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Black lawmakers disappointed by selection of white judges

February 8, 2021 GMT
South Carolina Sen. Luke Rankin speaks from the well as House Speaker Jay Lucas, Senate President Harvey Peeler and others look on during judicial elections in the South Carolina House chambers on Wednesday, Feb. 3, 2021, in Columbia, S.C. The House and Senate were meeting in joint session. (AP Photo/Jeffrey Collins)
South Carolina Sen. Luke Rankin speaks from the well as House Speaker Jay Lucas, Senate President Harvey Peeler and others look on during judicial elections in the South Carolina House chambers on Wednesday, Feb. 3, 2021, in Columbia, S.C. The House and Senate were meeting in joint session. (AP Photo/Jeffrey Collins)

COLUMBIA, S.C. (AP) — Black lawmakers in South Carolina say they are disappointed but not surprised that every one of the two dozen judges elected by the Legislature earlier this month are white.

The state court system is run by Chief Justice Don Beatty, who is Black. One of nine judges is Black on the next highest court, the South Carolina Court of Appeals. Of the 61 judges on the supreme, appeals or circuit courts in South Carolina, nine are Black, or 15% of them in a state where 27% of the population is Black, the Post and Courier of Charleston reported.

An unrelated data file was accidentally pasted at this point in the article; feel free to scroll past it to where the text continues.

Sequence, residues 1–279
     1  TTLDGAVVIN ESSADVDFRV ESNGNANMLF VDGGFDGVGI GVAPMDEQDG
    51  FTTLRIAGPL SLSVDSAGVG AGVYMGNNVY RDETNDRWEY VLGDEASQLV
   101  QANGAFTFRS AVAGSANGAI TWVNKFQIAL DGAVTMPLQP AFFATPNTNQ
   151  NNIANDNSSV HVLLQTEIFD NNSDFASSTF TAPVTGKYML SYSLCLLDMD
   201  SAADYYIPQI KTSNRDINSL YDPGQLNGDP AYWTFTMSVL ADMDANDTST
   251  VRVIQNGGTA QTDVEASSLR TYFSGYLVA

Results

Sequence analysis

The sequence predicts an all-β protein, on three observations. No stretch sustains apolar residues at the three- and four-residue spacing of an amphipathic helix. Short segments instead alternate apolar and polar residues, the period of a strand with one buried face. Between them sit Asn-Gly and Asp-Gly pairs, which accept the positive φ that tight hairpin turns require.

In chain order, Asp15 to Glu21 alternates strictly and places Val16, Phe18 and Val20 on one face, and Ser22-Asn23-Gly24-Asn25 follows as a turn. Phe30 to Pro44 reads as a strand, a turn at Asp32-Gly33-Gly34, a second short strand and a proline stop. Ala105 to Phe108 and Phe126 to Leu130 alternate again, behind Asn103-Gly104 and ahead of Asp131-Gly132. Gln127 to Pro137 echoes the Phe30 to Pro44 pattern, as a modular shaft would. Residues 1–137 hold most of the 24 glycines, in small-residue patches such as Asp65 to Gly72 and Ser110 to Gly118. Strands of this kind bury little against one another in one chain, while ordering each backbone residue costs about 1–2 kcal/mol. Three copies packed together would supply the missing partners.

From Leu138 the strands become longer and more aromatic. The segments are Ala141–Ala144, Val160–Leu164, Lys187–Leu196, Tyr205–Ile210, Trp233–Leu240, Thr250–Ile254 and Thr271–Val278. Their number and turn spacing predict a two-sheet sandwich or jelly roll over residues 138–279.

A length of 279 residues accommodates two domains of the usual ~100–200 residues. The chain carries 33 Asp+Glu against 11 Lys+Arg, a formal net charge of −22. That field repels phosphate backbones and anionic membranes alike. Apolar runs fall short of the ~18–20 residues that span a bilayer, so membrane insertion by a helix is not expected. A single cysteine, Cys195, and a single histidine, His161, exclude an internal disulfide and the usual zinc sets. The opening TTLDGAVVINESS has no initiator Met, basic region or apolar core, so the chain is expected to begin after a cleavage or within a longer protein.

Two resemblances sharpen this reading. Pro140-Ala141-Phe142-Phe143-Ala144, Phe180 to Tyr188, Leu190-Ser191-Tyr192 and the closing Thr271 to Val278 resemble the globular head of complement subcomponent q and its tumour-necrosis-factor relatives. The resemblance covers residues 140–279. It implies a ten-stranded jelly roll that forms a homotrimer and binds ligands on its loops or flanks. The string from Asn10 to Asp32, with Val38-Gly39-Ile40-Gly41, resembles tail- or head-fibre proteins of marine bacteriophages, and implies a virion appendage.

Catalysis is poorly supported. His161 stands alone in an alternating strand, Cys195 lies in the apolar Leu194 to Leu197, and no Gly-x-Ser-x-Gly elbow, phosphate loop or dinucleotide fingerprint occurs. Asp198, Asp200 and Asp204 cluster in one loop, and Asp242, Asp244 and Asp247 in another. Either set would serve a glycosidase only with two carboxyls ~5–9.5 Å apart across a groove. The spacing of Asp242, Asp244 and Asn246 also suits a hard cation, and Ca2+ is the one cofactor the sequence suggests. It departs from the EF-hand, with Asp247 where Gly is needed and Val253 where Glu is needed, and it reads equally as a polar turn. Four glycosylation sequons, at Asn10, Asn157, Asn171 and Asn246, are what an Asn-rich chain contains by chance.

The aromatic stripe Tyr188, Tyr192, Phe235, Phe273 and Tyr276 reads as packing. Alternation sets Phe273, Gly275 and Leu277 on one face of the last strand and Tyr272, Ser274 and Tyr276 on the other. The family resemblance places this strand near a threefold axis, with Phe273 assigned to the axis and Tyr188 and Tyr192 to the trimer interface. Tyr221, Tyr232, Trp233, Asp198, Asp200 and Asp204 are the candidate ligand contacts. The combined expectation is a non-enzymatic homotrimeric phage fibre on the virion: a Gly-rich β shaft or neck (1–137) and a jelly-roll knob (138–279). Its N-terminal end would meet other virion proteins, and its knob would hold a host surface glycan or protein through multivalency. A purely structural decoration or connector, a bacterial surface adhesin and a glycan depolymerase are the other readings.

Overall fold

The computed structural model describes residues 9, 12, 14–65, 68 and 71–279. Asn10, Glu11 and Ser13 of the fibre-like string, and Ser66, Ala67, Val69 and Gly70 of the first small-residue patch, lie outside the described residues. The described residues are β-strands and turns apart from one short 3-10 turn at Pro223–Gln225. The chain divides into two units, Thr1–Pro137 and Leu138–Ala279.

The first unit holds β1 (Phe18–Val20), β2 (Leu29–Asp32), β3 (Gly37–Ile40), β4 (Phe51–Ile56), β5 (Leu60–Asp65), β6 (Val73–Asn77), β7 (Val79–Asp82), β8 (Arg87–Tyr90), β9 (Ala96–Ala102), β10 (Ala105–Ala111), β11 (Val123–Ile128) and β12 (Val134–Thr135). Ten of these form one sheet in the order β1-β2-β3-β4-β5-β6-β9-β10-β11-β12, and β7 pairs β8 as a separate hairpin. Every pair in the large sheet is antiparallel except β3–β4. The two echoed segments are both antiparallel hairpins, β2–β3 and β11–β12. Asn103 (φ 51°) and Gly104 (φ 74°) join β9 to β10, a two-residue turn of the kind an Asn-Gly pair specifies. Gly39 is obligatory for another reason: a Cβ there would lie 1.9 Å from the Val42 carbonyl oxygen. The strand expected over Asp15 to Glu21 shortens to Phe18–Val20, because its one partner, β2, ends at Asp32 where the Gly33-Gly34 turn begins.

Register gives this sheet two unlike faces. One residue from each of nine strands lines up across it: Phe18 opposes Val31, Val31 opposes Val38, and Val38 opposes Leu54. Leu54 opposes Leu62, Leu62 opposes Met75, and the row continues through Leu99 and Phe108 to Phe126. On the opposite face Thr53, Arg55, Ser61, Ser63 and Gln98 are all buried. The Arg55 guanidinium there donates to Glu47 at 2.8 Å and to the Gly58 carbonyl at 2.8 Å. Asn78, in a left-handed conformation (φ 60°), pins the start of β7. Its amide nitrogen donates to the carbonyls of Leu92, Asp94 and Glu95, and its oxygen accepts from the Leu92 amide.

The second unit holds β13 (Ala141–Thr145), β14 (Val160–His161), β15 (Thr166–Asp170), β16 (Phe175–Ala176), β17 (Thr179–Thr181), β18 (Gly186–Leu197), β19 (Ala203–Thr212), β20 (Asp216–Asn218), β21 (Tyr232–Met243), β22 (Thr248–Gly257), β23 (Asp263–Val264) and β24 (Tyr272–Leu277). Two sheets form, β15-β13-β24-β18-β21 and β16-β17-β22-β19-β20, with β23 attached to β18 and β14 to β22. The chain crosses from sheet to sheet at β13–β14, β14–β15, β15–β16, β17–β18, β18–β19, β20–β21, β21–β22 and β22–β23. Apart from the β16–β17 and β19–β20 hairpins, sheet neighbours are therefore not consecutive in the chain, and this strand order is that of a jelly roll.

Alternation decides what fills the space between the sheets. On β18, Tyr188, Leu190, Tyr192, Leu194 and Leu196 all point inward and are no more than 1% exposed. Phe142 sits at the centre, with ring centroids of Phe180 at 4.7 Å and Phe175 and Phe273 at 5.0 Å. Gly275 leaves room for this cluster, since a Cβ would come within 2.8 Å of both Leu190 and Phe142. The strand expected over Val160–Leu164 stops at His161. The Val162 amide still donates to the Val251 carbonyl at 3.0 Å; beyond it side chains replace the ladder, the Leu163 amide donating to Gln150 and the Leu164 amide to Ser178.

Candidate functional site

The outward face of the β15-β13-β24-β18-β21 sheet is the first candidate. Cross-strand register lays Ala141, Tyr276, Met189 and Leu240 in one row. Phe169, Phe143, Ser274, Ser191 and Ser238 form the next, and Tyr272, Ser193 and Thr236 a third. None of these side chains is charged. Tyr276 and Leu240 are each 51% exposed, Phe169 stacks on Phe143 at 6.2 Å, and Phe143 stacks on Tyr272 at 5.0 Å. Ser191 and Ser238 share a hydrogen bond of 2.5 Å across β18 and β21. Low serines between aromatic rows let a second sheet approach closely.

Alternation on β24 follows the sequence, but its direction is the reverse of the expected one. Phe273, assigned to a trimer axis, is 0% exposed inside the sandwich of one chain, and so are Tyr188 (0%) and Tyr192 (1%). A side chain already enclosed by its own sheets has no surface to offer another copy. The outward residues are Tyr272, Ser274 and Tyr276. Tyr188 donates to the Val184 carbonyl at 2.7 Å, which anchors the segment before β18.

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“While I don’t say any members have ill intentions, I don’t think they’re cognizant that representation matters, and we have to do our due diligence to make sure we elected judges that look like South Carolina,” Rep. Marvin Pendarvis, an attorney and Black Democratic lawmaker from North Charleston.

The majority of races on Feb. 3 were uncontested, but in four of them, a Black woman lost or withdrew because of a lack of support among lawmakers.

“The time of the Black woman just seems to not have arrived in South Carolina,” said state Rep. Gilda Cobb-Hunter, D-Orangeburg. “For me, it was just a sad day.”

South Carolina uses a 10-member committee appointed by lawmakers to screen potential judicial candidates and recommend up to three candidates to the General Assembly, which elects the state judges directly. Six of the 10 members of the Judicial Merit Selection Committee are legislators.

Senate Judiciary Chairman Luke Rankin is chairman of the selection commission. He said he was proud of this round of new judges and every candidate had a chance to campaign and show their qualifications to the entire General Assembly.

“So the criticism that this was not a diverse group doesn’t speak to the work of our committee, it speaks to each candidate’s own strengths,” the Republican from Myrtle Beach said.

Black lawmakers told the newspaper they would continue to try to recruit the best lawyers they can to be judges, but some wonder if the situation can ever change.

Two years ago, a number of Black lawmakers walked out of judicial elections after the Legislature elected a white attorney who has never been a judge to the state Court of Appeals over a Black woman who has been on the bench 20 years. In the only other contested judicial race out of the 44 decided in February 2019, a white woman defeated an Black woman for a Family Court seat.

“This is nothing really new,” said Rep. Leon Howard, D-Columbia. “In 1995, when I was elected to the House of Representatives we had little to no African American judges on the bench, and finally we were able to make some strides. Now we are stuck in reverse.”